In this sense, Gandarias explained that, although it is true that the YoY increase is “minimal” and is no longer in the double digits, the data “should not be interpreted as a step backwards, in any way”, but rather that it represents a “symptom of normalisation, given that we are no longer making comparisons with negative figures”. “It continues the positive trend, which has now been recorded consecutively for the last 13 months”, he said.

Original story: Europa Press

Translation: Carmel Drake

RE Portals Predict House Price Rises In 2016

11 December 2015 – El Economista

Experts at the real estate portals agree that the data published last Thursday by Spain’s National Institute of Statistics (INE) is positive. It shows a YoY increase in house prices of 4.5% during the third quarter, the highest since the start of the crisis.

Moreover, the experts consider that, although the recovery in the residential sector is not homogenous across the whole of Spain, it is likely that price increases will be seen in all regions next year.

The Director of the Research Office at, Manuel Gandarías, said that “prices will begin to increase across the board in 2016, after the areas with limited supply and high demand finished their downwards course months ago”.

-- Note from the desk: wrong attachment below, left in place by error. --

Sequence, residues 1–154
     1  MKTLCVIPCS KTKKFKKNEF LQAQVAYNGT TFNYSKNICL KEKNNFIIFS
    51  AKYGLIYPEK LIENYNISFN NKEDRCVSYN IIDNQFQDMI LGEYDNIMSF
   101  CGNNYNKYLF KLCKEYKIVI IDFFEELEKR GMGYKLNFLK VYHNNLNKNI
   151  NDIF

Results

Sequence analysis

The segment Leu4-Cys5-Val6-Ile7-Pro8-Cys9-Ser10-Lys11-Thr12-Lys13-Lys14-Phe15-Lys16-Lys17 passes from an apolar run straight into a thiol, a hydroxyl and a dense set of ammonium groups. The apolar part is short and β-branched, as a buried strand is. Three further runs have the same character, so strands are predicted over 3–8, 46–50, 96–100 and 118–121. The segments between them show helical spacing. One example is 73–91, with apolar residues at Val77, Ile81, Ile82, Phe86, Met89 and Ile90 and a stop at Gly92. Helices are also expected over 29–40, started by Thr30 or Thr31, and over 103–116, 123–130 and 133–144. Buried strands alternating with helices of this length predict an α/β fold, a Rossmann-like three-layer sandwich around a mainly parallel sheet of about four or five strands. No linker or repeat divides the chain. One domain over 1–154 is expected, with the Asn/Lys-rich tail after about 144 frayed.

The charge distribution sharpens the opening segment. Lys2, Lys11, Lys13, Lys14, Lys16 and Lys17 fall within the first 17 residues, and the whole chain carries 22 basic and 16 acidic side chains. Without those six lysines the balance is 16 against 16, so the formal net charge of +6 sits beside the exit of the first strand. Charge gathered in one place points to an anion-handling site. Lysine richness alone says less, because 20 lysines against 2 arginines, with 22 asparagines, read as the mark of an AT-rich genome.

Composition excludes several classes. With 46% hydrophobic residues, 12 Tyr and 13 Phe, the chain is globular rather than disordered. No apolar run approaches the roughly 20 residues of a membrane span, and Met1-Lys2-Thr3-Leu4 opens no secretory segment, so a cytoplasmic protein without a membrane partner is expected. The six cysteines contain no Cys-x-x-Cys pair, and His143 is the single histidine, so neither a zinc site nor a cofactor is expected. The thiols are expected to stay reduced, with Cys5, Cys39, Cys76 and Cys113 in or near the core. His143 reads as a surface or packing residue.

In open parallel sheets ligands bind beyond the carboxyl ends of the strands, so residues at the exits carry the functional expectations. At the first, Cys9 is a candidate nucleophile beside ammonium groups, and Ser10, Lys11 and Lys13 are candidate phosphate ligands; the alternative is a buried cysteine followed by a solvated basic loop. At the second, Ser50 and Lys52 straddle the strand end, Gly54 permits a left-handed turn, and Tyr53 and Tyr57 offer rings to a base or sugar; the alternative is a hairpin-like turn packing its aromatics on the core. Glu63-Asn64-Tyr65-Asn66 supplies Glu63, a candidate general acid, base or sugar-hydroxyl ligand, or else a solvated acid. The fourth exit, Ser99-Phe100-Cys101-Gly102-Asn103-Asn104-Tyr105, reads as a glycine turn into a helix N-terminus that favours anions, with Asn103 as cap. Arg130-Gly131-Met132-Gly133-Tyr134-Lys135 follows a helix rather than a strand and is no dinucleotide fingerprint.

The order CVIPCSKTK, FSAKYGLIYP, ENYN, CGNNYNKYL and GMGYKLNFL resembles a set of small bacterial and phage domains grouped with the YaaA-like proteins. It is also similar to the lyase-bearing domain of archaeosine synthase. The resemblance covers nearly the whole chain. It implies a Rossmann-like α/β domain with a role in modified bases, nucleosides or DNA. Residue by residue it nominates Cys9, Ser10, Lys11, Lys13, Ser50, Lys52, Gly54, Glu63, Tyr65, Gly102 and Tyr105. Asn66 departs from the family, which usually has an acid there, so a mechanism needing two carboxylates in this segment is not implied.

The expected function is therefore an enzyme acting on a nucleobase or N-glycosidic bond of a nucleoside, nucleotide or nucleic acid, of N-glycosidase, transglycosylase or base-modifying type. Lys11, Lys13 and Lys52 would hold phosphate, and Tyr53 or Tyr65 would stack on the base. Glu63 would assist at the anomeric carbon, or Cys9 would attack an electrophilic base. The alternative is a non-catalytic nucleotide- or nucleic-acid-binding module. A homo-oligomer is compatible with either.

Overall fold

“The overvaluations experienced in certain towns have all but adjusted to the new pace in the market, and few locations will see notable decreases, given that an equilibrium has now been achieved”, he added.

Meanwhile, the Head of Research at Fotocasa, Beatriz Toribio, believes that INE’s data “reflects that the housing sector has now left behind the large price decreases”, but she warns that “that does not mean that prices have bottomed out”.

“Over the next few months, we will see fluctuations characteristic of the normalisation that is happening in the sector, and it will become more apparent that the sector is recovering at two speeds, given that whilst in certain areas, sales and prices are on the rise, in others, the trend will continue to decrease for quite some time”, she added.

Sales are also normalising

Similarly, the Head of Research at Idealista, Fernando Encinar, said that the price data from INE “signals the normalisation of the sector”. (…).

The Ministry of Development also published data on Thursday about house sales, which showed that the number of transactions increased by 16.3% during the third quarter, to 93,528 units, the highest volume for that period since 2009. Encinar believes that “this is good news, although not a surprise for the sector”.

“The data also confirms the forecasts that the sector is going to normalise at two speeds, with operations growing by more than 20% on a YoY basis in some regions, and the rate of increase barely exceeding 6% in others”, he said.

Original story: El Economista

Translation: Carmel Drake